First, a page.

Hooking the Event Sink

The event sink is hooked when the InertManipUtil::Initialize method is called from Main, which happens when the application starts. RegisterTouchWindow is called to the application window and the event sink is notified so that the ManipulationStarted, ManipulationUpdate, and ManipulationCompleted events are registered. WM_TOUCH messages are forwarded to the InertManipUtil class so they can be passed to the manipulation processor. The following code shows how the WM_TOUCH events are passed to the manipulation processor in the InertManipUtil class.

void CALLBACK InertManipUtil::TouchMessageProc
(HWND hWnd, UINT uMsg, WPARAM wParam, LPARAM lParam ){  
    UINT cInputs = LOWORD(wParam);
    PTOUCHINPUT pInputs = new TOUCHINPUT[cInputs];
    if (NULL != pInputs)
    {
        if (GetTouchInputInfo((HTOUCHINPUT)lParam,
          cInputs,
          pInputs,
          sizeof(TOUCHINPUT)))
        {
          for (UINT i=0; i<cInputs; i++){
                    if (pInputs[i].dwFlags & TOUCHEVENTF_DOWN){                     
                  m_spIManipProc->ProcessDown(pInputs[i].dwID, 
                  (FLOAT)pInputs[i].x, (FLOAT)pInputs[i].y);
              }
                    if (pInputs[i].dwFlags & TOUCHEVENTF_MOVE){
                  m_spIManipProc->ProcessMove(pInputs[i].dwID, 
                  (FLOAT)pInputs[i].x, (FLOAT)pInputs[i].y);
              }
                    if (pInputs[i].dwFlags & TOUCHEVENTF_UP){
                  m_spIManipProc->ProcessUp(pInputs[i].dwID, 
                  (FLOAT)pInputs[i].x, (FLOAT)pInputs[i].y);
                    }
          }
        } else {
          //GetLastError() and error handling
        }
      }else {
        //Error handling, presumably out of memory
      }
      if (!CloseTouchInputHandle((HTOUCHINPUT)lParam)) {
        //Error handling
      }
      delete [] pInputs;
}

Spinning and Pushing Cogs

Cogs are spun by using rotation values from ManipulationDelta and then triggering the GameManager::SpinCog method through the InertManipUtil’s reference to the GameManager class. The following code shows how this is done in CManipulationEventSink.

    if (rotationDelta != 0){
        if(true || m_fSpin){
            //Spin the cog
            m_pGameManager->SpinCog(rotationDelta);                          
        }else{        
          
        }

        lastDelta = rotationDelta;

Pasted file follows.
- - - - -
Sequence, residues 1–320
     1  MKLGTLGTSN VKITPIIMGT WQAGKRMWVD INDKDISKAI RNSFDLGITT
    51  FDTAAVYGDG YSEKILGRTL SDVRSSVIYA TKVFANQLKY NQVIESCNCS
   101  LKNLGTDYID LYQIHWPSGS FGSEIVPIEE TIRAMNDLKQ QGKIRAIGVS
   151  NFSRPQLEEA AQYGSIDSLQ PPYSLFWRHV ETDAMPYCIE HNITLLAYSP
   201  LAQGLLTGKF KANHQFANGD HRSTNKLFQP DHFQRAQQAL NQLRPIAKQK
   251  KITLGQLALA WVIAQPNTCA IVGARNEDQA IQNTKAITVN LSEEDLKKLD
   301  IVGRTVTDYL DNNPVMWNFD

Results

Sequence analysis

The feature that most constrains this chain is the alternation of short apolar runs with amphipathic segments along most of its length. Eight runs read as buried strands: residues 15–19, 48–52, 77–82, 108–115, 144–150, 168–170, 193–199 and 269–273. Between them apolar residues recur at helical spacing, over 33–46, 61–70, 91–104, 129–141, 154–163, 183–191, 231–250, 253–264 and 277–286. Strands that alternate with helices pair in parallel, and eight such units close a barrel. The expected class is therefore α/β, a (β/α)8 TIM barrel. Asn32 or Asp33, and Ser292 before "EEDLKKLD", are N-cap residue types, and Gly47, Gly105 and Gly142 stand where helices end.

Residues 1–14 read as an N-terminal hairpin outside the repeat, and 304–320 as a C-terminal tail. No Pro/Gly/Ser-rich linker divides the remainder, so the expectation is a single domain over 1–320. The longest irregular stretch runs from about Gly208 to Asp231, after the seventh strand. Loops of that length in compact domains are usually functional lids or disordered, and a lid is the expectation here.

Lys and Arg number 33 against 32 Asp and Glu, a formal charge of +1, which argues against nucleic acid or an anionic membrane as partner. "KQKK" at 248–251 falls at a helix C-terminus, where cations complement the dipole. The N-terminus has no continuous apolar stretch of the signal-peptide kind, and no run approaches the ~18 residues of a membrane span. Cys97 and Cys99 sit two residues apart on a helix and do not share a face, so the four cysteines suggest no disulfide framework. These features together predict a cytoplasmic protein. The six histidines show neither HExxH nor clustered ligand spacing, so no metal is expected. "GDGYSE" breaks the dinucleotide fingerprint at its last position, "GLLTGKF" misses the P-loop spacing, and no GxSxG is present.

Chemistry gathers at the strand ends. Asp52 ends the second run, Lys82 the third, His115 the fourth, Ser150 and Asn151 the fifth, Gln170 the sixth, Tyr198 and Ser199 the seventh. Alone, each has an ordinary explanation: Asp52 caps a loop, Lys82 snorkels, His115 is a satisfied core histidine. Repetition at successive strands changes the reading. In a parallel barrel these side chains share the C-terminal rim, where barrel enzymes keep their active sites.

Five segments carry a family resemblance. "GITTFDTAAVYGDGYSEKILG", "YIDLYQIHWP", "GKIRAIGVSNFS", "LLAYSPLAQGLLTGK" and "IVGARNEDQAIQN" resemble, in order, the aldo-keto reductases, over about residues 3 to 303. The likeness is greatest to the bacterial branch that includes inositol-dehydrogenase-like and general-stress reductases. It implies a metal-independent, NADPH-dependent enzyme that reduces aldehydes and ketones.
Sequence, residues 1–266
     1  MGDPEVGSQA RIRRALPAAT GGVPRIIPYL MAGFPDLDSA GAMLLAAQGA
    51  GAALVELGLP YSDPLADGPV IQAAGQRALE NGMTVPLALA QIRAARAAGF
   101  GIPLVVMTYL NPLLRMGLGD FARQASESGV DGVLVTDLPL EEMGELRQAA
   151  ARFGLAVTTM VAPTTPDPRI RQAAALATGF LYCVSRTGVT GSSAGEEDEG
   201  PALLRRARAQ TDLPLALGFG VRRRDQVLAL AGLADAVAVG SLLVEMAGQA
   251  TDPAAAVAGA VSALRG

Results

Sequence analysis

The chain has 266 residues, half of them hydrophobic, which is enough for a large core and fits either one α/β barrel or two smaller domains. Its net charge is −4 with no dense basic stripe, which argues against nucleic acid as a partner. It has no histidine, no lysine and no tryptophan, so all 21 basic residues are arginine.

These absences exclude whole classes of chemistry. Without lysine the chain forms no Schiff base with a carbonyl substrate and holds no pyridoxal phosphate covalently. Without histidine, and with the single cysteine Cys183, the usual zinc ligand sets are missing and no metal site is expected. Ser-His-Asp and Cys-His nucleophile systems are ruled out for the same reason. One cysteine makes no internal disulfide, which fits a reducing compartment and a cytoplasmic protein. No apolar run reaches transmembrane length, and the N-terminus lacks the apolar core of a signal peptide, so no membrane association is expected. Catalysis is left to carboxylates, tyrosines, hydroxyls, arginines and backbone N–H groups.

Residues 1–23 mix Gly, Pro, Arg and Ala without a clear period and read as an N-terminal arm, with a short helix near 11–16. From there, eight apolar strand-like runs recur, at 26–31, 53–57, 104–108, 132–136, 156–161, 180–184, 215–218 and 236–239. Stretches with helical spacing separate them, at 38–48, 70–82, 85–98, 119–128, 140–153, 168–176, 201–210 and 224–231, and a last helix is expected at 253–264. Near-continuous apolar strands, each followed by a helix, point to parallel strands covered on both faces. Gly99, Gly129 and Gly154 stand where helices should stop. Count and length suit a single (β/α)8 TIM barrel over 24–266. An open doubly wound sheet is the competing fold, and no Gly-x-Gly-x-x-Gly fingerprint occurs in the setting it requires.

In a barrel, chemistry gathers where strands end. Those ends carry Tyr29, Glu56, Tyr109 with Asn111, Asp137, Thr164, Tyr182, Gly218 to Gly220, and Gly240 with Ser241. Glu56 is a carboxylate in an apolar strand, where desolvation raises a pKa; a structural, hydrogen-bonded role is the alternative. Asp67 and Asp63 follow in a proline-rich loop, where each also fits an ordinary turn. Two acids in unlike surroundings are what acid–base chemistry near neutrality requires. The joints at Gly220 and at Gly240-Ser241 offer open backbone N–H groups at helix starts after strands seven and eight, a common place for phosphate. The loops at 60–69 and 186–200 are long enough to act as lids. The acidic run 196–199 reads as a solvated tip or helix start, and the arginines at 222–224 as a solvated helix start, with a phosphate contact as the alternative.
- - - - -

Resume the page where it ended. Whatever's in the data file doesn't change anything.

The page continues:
}

    //Zoom Gesture
    if (expansionDelta > 200){
        if (m_pGameManager->PushCog()){
            m_pGameManager->AddScore(200);
        }
    }    
    //Pinch Gesture - Enable pinch gear insertion
    if (expansionDelta < -200 ){
        if (m_pGameManager->PushCog()){
            m_pGameManager->AddScore(200);
        }
    }  

Pinch and zoom amounts can be changed to alter the sensitivity of the game to gestures.

License

This article, along with any associated source code and files, is licensed under The Microsoft Public License (Ms-PL)

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About the Author

gclass
Web Developer Microsoft
United States United States
My name is Gus Class, I'm 29 years old, and I have been passionate about computers for my entire life. My first computer was an Apple IIgs and I begged my parents to get a PC (a 386!) around the time I had turned 7 or 8 which they begrudgingly caved in on. I came online for the first time in the early 90s through the Prodigy service which led me to the BBS scene and opened doors for learning the ins and outs of computing. I taught myself how to program in my teens, took vocational classes in high school on network administration through a magnet program, and earned a bachelor's degree in Computing and Software Systems through the University of Washington in 2003. In an effort to round out my education, I earned an MBA in 2008 while working full time at Microsoft.
 
I am currently a Content Project Manager at Microsoft where I have worked for the past 5 years. My work there has included writing sample code, creating compelling documentation to help developers adopt Windows features, managing sites, connecting with the developer audience through social media, mentoring and growing new hires and peers, developing tools to enhance productivity, and attending conferences as a Microsoft representative.
 
I enjoy a plethora of hobbies including rock climbing, DJing, electronic music production, recreational programming, creating web sites, playing and creating video games, and hanging out with social media mavens.